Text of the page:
Encyclopedia of Clinical Neuropsychology

2018 Edition
| Editors: Jeffrey S. Kreutzer, John DeLuca, Bruce Caplan

Default Network

  • Lawrence H. SweetEmail author
Reference work entry
DOI: https://doi.org/10.1007/978-3-319-57111-9_1284


Default mode network; Task-negative network


The default network is a system of brain regions that is active when there are no external cognitive demands. The greatest brain activity is observed in this system during unstructured rest, and the least activity is observed during tasks that require concerted external focus. The existence and core location of the default network are widely accepted; however, its function and subsystems remain under investigation. The default network is distributed bilaterally and is comprised of at least two core midline regions, the posterior cingulate cortex and medial frontal gyrus, plus the inferior parietal lobule and areas in the medial and lateral temporal lobe.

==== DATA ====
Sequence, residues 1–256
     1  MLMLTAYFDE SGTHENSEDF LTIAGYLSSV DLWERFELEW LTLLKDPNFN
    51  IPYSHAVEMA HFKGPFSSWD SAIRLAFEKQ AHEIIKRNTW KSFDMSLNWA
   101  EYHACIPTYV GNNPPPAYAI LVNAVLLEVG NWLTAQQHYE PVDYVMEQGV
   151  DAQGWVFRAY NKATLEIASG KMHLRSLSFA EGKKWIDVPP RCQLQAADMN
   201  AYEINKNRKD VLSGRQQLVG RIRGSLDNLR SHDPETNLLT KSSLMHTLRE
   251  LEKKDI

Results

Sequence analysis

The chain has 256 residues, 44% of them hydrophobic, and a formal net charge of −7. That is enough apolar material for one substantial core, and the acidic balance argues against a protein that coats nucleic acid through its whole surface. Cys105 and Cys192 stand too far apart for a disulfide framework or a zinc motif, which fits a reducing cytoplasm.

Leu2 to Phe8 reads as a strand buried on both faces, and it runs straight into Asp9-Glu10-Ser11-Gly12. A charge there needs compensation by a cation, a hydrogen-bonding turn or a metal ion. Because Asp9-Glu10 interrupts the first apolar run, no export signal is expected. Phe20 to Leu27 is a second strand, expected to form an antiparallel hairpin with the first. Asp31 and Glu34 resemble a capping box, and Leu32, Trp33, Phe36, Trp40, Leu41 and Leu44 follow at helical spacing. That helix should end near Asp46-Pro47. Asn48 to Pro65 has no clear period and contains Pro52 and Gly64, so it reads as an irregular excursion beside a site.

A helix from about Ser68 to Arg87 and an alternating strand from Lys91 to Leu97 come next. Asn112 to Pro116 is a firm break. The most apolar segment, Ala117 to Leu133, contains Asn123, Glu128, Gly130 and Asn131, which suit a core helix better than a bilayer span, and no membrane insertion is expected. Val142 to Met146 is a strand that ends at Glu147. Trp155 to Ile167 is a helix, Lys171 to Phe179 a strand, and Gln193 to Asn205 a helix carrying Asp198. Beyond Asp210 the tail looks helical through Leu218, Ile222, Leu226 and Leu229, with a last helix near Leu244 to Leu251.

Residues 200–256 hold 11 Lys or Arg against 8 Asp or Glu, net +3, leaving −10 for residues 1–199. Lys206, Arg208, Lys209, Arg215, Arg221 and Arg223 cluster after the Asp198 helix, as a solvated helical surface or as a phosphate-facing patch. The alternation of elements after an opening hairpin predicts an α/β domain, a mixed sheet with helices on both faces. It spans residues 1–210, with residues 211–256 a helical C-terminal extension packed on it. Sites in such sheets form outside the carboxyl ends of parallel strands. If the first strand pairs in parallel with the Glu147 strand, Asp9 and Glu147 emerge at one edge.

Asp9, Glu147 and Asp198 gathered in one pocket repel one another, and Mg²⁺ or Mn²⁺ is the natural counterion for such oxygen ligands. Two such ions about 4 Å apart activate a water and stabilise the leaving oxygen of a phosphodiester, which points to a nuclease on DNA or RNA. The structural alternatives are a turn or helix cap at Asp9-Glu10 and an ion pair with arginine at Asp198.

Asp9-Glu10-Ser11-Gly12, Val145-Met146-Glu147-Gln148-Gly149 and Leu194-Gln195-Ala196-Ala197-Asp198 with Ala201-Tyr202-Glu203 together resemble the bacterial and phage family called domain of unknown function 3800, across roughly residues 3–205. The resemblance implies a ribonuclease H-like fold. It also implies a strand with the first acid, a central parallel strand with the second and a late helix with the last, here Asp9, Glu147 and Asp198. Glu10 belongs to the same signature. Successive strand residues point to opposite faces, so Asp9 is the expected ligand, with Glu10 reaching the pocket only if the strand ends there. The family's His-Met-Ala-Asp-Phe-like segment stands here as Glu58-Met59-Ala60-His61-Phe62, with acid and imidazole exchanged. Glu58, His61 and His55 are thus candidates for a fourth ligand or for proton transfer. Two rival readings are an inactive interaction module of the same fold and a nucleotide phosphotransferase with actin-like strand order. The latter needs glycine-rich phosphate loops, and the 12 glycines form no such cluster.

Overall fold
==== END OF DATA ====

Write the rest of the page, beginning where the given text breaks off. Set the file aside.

Historical Background

Identification of the default network emerged unexpectedly from functional neuroimaging studies that administered paradigms with a variety of active cognitive challenges. Functional neuroimaging designs frequently sample brain activity during resting...

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References and Readings

  1. Buckner, R. L., Andrews-Hanna, J. R., & Schacter, D. L. (2008). The brain’s default network: Anatomy, function, and relevance to disease. Annals of the New York Academy of Sciences, 1124, 1–38.CrossRefGoogle Scholar
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Copyright information

© Springer International Publishing AG, part of Springer Nature 2018

Authors and Affiliations

  1. 1.Department of PsychologyUniversity of GeorgiaAthensUSA